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Tony Podesta is stepping down from his lobbying firm, after scrutiny from Mueller investigation

Mueller’s indictment of Manafort appears to make a reference to the Podesta Group.

Tony Podesta with his ex-wife Heather in 2011.
Rebecca D'Angelo/For the Washington Post
Andrew Prokop is a senior politics correspondent at Vox, covering the White House, elections, and political scandals and investigations. He’s worked at Vox since the site’s launch in 2014, and before that, he worked as a research assistant at the New Yorker’s Washington, DC, bureau.

Former Trump campaign chair Paul Manafort and his business partner Rick Gates were indicted on several counts Monday. And hours later, Democratic super-lobbyist Tony Podesta announced that he’d step down from his firm, the Podesta Group, Politico’s Anna Palmer reported.

That’s no coincidence. According to a report last week by Tom Winter and Julia Ainsley of NBC News, Special Counsel Robert Mueller’s inquiry into Manafort’s foreign work before the campaign implicated Podesta’s own foreign work.

Specifically, both Podesta’s and Manafort’s firms represented a Ukrainian nonprofit group — the European Centre for a Modern Ukraine — between 2012 and 2014. This group was attempting to improve the image of the Ukrainian regime at the time, which was pro-Russian and under scrutiny for its treatment of their domestic opposition.

The indictment of Manafort and Gates does not mention the Podesta Group by name, but according to a new report by NBC News it is “Company B” here:

A report from CNN earlier this year described how the Podesta Group repeatedly contacted the State Department about Ukraine’s 2012 election, attempting to put a positive spin on the regime’s handling of the elections. However, and crucially, they didn’t disclose the full extent of their work in federal lobbying filings until earlier this year — and per NBC, that failure to disclose has caught Mueller’s attention. (A Podesta group spokesperson emailed me last week to insist that all appropriate legal disclosures were made.)

Tony Podesta is the brother of John Podesta, who chaired Hillary Clinton’s 2016 presidential campaign. Though they co-founded the lobbying firm at issue — the Podesta Group — decades ago, John Podesta is no longer affiliated with the firm, and there’s no indication that he’s a subject of Mueller’s investigation.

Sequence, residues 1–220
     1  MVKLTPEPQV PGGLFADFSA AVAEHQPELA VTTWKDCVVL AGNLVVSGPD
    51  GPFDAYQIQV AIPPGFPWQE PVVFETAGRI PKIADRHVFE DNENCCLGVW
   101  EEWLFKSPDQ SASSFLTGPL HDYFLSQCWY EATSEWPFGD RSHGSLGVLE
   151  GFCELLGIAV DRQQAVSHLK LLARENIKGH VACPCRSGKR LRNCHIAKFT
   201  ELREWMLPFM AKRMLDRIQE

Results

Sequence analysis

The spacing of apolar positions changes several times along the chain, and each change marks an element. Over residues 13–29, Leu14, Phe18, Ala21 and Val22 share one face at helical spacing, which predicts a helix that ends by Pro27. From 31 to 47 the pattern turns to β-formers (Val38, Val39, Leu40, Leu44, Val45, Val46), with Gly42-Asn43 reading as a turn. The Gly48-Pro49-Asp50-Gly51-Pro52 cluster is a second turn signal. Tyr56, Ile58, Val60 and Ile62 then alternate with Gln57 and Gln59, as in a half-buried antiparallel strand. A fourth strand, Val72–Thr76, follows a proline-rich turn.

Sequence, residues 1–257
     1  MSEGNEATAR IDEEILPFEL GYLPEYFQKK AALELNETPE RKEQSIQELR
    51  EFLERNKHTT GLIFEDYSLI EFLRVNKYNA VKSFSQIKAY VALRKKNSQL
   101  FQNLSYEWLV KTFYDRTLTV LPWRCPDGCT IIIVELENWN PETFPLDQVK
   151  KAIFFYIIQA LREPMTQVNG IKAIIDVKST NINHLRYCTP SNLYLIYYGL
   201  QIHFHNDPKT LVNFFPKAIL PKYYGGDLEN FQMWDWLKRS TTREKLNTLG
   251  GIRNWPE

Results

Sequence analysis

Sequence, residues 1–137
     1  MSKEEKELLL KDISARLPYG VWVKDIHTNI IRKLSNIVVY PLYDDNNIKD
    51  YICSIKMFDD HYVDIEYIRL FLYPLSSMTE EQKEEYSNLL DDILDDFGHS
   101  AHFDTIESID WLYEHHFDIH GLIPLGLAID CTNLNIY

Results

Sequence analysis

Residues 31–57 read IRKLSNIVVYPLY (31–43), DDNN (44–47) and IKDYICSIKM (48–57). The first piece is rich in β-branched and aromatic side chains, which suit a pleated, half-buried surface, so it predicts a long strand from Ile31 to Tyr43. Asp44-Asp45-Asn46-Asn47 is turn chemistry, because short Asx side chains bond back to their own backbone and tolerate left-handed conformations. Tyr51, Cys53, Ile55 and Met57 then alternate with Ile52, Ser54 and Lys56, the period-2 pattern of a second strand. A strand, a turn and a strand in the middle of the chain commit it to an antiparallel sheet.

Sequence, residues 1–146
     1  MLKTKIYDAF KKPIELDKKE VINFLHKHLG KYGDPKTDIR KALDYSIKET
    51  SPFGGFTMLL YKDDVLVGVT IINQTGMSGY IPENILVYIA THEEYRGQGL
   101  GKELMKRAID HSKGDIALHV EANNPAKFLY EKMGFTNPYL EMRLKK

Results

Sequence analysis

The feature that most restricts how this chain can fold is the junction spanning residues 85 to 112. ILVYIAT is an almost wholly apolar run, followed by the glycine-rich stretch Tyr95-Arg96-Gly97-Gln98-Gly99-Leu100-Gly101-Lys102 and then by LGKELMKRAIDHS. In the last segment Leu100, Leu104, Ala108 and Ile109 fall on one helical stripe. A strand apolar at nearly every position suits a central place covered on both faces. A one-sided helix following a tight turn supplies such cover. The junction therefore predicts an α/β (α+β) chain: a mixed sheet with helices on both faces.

But Tony has also long been a well-known figure in Washington — he’s gotten incredibly rich as a “superlobbyist” monetizing his connections to Democratic leaders on behalf of all sorts of corporate interests. His expensive art collection and his divorce from his lobbyist wife have been the subject of media interest in the past.

It’s not just about Trump associates

The revelation that Podesta is under the gun shows, essentially, that Mueller is broadly interpreting his authority to investigate “any matters” that “may arise directly from the investigation” into Russian interference in the 2016 campaign.

It seems to make clear clear that Mueller is not only interested in Russia-related wrongdoing committed by Trump allies or Republicans, as some on the right have criticized him for.

Indeed, for months, Republicans — including the president — have argued that Tony Podesta’s foreign work should get more attention.

Now, it seems, Mueller is giving it that attention.

One final note: There’s long been some mystery over just what former Trump adviser Roger Stone meant when he tweeted last year that it would soon be “the Podesta’s time in the barrel.” (His account has since been suspended by Twitter.)

Some have taken this tweet to indicate some foreknowledge of the later leaks of John Podesta’s emails. But Stone later claimed he was referring instead to the Podesta Group’s work abroad, which he’s suggested will expose them to legal scrutiny. And he’s reiterated that explanation this year:

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